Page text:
“Sure thing.”

Terrell is wearing a huge diamond in each ear. Those are new. He never wore diamonds last year.

When my teammates leave, Erin returns to the table, but she won’t look at me.

I know she wanted me to stick up for her when Terrell called her White Rabbit’s lil baby, but I need Terrell to like me so that the basketball season will go well, which is my number one priority, and there are much worse nicknames that other girls in our school endure. This is why I’m looking forward to basketball so much. When it starts there will be plays to memorize and I’ll be in the gym just about every night. The rest of the world will disappear.

When Boy21 finishes the sandwich his grandmother made him, he says, “We are not rabbits.”

For the first time all day, Boy21 is looking into my eyes, and maybe it’s me who’s crazy, but it’s like he’s trying to communicate with me, sending messages through our pupils. The weirdest part is I think I sort of understand the message he’s trying to convey.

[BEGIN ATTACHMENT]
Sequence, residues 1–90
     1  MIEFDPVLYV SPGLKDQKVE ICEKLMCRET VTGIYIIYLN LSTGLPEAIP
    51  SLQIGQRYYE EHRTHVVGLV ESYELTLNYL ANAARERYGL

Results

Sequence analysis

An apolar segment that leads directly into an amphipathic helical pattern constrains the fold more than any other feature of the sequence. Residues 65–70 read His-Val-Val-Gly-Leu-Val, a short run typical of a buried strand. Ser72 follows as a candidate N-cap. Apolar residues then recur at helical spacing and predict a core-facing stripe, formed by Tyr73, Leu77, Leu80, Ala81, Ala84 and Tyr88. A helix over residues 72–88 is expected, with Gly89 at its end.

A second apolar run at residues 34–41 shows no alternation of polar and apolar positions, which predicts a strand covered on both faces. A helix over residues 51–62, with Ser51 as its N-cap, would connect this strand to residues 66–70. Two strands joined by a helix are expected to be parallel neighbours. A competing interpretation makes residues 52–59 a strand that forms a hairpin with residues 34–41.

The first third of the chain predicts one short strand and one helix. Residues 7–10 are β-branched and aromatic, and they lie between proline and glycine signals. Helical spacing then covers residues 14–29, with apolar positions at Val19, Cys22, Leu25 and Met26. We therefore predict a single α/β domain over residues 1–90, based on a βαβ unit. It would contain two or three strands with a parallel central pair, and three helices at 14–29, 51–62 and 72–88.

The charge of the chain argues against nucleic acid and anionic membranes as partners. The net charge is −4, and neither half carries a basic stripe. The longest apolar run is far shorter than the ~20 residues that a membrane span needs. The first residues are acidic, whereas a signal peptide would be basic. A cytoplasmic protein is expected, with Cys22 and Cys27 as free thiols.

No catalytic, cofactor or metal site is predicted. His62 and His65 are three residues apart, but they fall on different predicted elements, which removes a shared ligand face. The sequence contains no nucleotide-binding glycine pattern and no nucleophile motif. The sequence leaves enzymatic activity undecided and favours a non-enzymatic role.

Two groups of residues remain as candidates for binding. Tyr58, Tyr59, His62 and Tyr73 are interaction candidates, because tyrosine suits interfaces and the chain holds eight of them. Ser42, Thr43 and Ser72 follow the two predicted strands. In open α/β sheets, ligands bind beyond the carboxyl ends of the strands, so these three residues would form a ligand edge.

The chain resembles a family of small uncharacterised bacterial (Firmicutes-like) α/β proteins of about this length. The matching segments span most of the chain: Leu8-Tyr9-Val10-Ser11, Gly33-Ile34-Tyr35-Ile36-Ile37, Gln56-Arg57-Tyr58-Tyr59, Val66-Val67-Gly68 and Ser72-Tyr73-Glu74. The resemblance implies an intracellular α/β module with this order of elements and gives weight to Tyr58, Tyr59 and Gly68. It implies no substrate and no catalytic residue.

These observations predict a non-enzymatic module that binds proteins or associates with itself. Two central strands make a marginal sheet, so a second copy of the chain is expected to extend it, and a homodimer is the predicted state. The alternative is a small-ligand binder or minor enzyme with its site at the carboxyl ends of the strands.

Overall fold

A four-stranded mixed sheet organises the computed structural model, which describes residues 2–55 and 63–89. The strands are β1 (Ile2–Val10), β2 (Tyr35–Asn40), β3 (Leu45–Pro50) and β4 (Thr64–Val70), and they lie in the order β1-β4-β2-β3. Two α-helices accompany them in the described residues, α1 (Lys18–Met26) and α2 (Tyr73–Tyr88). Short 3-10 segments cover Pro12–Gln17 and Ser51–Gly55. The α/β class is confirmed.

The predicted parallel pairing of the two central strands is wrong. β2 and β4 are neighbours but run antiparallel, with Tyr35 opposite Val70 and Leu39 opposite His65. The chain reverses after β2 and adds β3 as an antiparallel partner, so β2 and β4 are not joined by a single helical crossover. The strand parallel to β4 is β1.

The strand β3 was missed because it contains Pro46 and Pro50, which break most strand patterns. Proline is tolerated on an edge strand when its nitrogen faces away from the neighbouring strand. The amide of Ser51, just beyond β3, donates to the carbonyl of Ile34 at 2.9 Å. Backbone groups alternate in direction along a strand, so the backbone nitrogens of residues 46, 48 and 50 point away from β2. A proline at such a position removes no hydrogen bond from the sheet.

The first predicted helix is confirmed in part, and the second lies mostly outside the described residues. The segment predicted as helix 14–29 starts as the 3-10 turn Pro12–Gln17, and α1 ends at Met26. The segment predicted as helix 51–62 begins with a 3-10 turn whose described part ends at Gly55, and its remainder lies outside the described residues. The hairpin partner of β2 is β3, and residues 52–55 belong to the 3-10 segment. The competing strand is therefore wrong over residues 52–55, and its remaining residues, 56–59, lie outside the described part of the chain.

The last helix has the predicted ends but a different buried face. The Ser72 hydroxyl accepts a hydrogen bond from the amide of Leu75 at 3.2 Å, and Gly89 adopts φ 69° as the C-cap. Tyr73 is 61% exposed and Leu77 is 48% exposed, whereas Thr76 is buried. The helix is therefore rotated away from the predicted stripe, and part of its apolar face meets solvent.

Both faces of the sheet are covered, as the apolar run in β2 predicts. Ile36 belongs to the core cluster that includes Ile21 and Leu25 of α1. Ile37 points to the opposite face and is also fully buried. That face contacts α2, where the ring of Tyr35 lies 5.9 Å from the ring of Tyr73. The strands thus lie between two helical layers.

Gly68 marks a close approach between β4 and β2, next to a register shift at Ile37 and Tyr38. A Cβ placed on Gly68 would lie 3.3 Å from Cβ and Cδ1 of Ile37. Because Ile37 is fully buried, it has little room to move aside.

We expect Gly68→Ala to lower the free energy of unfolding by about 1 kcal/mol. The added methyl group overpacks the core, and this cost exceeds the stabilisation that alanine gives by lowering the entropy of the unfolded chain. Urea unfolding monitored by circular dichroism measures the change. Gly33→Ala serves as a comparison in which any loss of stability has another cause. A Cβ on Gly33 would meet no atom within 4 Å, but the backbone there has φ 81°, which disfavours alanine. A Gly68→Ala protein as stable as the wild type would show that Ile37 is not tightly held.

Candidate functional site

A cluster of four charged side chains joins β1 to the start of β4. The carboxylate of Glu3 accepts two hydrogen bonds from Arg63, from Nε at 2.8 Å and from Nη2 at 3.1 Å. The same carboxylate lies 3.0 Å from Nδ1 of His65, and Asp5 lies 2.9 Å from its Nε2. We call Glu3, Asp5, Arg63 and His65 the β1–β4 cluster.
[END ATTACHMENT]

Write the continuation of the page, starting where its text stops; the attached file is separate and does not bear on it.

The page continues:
When we leave the lunchroom, in the hallways, we’re greeted by hundreds of references to rabbits.

“Yo, Black and White Rabbits!”

“What’s up, Biggie Rabbit and Smalls Rabbit?”

“Carrots are comin’. We gon’ feed dem rabbits!”

It’s all playful teasing, especially since we are under Rod’s and Mike’s protection, but it gets kind of annoying nonetheless.

Neither Boy21 nor I say a word, and I have to admit that it feels good not being the only rabbit in the building.


MR. GORE’S A TALL, THIN MAN with thick glasses and a Jheri curl hairstyle that the other students relentlessly make fun of. He’s my guidance counselor, and I don’t really like him, even though he smiles a lot, has a soft voice, and is always talking about looking out for my best interests.

He’s pulled me out of English class on the first day of school, which seems unnecessary and makes me feel anxious because I had to leave Boy21 behind, and Coach won’t like that.

Mr. Gore’s office is covered with bumper stickers—floor to ceiling. Each bumper sticker has the name of a college on it, which is sort of ironic, because not many of the students here will get to go.